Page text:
Geckos are found in different patterns and colours like pink, purple and blue and some of them are subtly modelled and almost rubbery in look, where as some others possess very bright colours. Some of the species of Geckos are capable of changing their colour in order to look the same with the environment or with specific temperature. The toes of Geckos possess special adaptation which helps them to stick to most surfaces even without using any liquid or with the help of surface tension.
The Geckos of the genus Cyrtodactylus found in India and Pakistan have clawed toes and mainly dorsoventrally compressed bodies. The fat-tailed Gecko, Eublepharis macularius, inhabits the arid areas of north-western India and is strictly nocturnal.
Several Geckos are restricted to hilly and forested tracts. Of these the commonest are tiny Geckos of the genus Cnemapsis of South India and Sri Lanka. The Andaman day Gecko is found throughout the Andamans and often enters houses. Another interesting forest Gecko is the so-called 'flying Gecko', Ptychozoon kuhli of the Nicobars, which can parachute small distances by means of the membranous expansions on the sides of its head, body, limbs and tail.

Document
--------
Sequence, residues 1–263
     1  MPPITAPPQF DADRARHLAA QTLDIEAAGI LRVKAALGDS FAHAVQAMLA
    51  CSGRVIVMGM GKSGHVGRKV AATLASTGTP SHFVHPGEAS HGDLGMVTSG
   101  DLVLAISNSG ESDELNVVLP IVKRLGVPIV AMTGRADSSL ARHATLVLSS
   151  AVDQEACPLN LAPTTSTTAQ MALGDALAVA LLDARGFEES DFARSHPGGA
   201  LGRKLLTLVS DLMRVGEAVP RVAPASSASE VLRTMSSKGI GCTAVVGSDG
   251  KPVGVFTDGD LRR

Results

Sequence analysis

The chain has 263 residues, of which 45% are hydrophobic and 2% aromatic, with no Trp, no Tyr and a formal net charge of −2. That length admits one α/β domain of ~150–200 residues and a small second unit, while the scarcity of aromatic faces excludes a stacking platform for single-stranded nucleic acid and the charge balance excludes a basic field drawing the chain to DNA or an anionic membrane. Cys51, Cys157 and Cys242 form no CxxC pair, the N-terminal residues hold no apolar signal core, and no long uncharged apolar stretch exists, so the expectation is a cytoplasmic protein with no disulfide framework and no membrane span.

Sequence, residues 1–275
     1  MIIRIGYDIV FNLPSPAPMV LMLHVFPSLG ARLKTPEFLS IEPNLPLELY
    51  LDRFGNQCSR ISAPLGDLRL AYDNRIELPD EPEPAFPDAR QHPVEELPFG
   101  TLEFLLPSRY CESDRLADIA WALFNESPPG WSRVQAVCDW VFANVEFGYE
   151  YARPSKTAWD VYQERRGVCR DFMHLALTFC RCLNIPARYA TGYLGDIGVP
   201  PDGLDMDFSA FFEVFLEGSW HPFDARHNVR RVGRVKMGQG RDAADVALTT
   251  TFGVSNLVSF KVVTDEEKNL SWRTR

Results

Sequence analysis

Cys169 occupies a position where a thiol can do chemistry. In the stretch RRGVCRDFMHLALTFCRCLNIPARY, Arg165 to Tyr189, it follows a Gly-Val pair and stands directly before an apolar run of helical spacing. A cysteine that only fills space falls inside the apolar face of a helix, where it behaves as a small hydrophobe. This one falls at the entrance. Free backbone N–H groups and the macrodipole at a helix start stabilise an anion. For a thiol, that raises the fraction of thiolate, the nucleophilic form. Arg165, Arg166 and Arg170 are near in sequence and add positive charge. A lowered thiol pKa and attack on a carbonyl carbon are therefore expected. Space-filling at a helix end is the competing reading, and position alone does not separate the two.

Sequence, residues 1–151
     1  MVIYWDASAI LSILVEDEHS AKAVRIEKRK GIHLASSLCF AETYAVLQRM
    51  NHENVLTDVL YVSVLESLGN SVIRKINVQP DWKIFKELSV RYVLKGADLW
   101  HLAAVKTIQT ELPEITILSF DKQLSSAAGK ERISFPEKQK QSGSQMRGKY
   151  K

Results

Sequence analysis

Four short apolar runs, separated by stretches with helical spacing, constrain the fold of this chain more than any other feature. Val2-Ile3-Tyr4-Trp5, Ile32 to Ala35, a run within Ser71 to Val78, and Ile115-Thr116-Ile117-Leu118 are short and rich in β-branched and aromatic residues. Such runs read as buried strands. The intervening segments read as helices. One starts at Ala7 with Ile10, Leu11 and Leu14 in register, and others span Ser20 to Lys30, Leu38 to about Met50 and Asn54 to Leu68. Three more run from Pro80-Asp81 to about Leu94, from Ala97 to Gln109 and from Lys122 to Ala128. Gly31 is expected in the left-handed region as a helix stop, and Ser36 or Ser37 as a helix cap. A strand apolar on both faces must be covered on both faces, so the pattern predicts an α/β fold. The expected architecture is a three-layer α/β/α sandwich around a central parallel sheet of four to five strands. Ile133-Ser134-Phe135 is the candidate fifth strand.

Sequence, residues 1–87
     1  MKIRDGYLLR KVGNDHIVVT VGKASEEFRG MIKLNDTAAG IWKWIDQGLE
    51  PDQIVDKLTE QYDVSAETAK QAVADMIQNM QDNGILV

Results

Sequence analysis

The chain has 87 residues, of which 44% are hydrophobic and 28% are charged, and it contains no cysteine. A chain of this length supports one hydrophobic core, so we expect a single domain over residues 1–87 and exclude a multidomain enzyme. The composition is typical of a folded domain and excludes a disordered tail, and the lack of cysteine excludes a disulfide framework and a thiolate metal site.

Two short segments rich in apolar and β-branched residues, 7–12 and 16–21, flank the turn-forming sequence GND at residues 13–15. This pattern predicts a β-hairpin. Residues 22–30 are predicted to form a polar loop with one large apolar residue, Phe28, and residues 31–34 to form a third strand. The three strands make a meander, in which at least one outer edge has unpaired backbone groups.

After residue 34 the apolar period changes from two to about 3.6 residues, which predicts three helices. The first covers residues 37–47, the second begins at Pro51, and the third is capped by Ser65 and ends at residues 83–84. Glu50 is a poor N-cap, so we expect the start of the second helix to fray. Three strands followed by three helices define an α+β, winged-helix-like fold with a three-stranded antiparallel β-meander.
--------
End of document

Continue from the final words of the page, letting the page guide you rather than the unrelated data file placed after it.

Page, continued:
The Tokay, Gekko Gecko of north eastern India and Bangladesh. This red or orange-spotted lizard is the largest of all Indian Geckos. Its usual prey is cockroaches and other large insects, and other Geckos. Occasionally it takes a small bird or rat.